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I've recently been attempting to solve the following problem and made some initial progress. However, im not able to progress any further, any hint would be greatly appreciated!

Let $a$ and $b$ be positive integers. For which values of $a$ and $b$ is the quotient $\frac{a^b + 1}{b^a + 1}$ an integer?

Thus far I have found that when $b=1$, then $\frac{a^b + 1}{b^a + 1}$ is an integer for all odd positive integers $a$. Likewise, the quotient is an integer when $a=b$ and when $(a,b)=(2,4)$ and $(a,b)=(4,2)$.

I haven't yet been able to find any more solutions and I also have no ideas on how I can prove that there are no more solutions, other than the ones given.

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I'm not sure where you got this problem. It seems to me that it is either impossible or very difficult to get a complete answer.

In particular, your claim that "there are no more solutions" is wrong.

As an example: $a = 2$ and $b = 386$.


There are other families of examples: take any odd $a$ and take $b = a^n$, where $n$ divides $a^{n - 1}$ (e.g. $n = a^k$ for some $k$).

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  • $\begingroup$ I claimed that I was unable to find any more solutions, as opposed to there being no more. But thank you for showing that particular solution, I had not found that. $\endgroup$ – J-S Dec 26 '19 at 17:09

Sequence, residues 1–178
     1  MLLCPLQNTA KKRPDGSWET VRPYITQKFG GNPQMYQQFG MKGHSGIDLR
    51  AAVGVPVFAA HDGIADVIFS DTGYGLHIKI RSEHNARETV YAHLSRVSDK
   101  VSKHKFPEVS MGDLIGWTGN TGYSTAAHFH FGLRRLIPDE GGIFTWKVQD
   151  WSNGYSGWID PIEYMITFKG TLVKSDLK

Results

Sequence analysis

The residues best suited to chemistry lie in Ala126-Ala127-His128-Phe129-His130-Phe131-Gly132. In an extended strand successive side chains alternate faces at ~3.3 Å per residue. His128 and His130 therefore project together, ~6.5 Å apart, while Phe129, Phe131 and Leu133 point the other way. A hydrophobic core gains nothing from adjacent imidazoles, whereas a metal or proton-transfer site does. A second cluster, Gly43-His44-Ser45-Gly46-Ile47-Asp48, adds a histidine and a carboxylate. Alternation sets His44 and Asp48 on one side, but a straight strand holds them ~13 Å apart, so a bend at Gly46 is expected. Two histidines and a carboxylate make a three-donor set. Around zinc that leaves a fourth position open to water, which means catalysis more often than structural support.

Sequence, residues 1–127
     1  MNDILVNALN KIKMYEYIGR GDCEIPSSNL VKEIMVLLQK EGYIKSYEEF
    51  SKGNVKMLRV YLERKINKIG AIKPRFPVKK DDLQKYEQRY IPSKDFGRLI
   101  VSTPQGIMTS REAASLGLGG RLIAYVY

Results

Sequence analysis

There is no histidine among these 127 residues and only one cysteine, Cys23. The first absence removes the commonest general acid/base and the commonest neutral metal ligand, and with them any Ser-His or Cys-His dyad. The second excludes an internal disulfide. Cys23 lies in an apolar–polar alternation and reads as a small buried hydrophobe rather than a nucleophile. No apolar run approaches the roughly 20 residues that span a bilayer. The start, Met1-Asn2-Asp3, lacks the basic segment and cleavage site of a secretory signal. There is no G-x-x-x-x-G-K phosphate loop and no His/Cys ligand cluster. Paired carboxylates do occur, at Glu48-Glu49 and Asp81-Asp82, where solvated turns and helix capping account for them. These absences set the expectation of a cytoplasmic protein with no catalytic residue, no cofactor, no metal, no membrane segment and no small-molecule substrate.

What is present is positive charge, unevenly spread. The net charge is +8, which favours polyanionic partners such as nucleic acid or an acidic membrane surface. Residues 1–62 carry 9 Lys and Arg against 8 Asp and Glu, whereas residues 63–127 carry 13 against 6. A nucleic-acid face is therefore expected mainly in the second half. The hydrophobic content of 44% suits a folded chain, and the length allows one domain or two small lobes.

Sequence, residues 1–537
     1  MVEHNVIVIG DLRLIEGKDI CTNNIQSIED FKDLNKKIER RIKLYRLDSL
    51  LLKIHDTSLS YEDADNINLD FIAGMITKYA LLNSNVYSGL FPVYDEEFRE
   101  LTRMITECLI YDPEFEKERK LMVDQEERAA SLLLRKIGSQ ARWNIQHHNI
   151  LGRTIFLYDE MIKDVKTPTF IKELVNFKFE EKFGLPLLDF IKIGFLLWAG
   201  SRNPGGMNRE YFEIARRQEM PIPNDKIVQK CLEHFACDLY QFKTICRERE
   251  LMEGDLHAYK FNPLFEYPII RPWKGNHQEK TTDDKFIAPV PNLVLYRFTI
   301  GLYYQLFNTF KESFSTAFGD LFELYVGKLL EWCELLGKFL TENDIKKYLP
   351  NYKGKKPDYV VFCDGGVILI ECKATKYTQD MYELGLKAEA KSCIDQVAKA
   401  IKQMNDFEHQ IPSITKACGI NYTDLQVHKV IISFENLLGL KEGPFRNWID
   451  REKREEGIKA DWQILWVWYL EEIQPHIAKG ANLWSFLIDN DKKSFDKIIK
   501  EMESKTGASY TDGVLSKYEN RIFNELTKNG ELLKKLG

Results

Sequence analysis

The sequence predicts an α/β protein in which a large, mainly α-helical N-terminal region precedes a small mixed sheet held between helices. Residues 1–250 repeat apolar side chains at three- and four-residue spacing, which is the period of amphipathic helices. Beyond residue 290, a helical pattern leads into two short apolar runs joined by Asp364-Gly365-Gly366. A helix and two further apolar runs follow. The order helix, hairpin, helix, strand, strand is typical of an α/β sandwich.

• $\begingroup$ FYI: even for $a = 2$ there are more: $b = 20136, 59140, 373164544$. See oeis.org/… $\endgroup$ – WhatsUp Dec 26 '19 at 17:11
  • $\begingroup$ Also, for $a = 3$ there are $b = 27, 19683$. This is not yet on OEIS. $\endgroup$ – WhatsUp Dec 26 '19 at 17:14
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There are infinitely many solutions of the following form.

If $p$ is an odd positive integer and $k = p^{p^r}$, then $k^p+1 = p^{p^{r+1}}+1$ divides $p^k+1 = p^{p^{p^r}}+1$. This is because $x+1$ divides $x^p+1$.

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  • $\begingroup$ I don't know why, but I already gave this example (in a more general form) in my answer. $\endgroup$ – WhatsUp Dec 26 '19 at 17:37

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